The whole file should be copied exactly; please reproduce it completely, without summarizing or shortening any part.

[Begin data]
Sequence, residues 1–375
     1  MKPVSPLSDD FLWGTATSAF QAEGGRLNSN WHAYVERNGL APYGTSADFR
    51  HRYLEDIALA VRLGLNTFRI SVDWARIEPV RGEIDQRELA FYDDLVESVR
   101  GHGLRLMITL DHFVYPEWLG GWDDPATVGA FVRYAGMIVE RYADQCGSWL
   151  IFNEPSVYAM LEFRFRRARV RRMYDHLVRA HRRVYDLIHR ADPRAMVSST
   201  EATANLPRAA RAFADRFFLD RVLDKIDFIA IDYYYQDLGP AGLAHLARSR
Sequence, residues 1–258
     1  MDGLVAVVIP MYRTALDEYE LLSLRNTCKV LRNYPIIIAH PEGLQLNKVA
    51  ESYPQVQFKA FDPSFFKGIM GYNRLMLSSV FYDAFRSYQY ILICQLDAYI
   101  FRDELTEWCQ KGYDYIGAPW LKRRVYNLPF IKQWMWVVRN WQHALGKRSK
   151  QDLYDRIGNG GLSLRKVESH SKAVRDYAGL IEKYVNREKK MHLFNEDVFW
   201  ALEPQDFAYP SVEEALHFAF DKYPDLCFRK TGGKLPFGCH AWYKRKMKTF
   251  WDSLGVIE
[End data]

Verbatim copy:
Sequence, residues 1–375
     1  MKPVSPLSDD FLWGTATSAF QAEGGRLNSN WHAYVERNGL APYGTSADFR
    51  HRYLEDIALA VRLGLNTFRI SVDWARIEPV RGEIDQRELA FYDDLVESVR
   101  GHGLRLMITL DHFVYPEWLG GWDDPATVGA FVRYAGMIVE RYADQCGSWL
   151  IFNEPSVYAM LEFRFRRARV RRMYDHLVRA HRRVYDLIHR ADPRAMVSST
   201  EATANLPRAA RAFADRFFLD RVLDKIDFIA IDYYYQDLGP AGLAHLARSR
Sequence, residues 1–258
     1  MDGLVAVVIP MYRTALDEYE LLSLRNTCKV LRNYPIIIAH PEGLQLNKVA
    51  ESYPQVQFKA FDPSFFKGIM GYNRLMLSSV FYDAFRSYQY ILICQLDAYI
   101  FRDELTEWCQ KGYDYIGAPW LKRRVYNLPF IKQWMWVVRN WQHALGKRSK
   151  QDLYDRIGNG GLSLRKVESH SKAVRDYAGL IEKYVNREKK MHLFNEDVFW
   201  ALEPQDFAYP SVEEALHFAF DKYPDLCFRK TGGKLPFGCH AWYKRKMKTF
   251  WDSLGVIE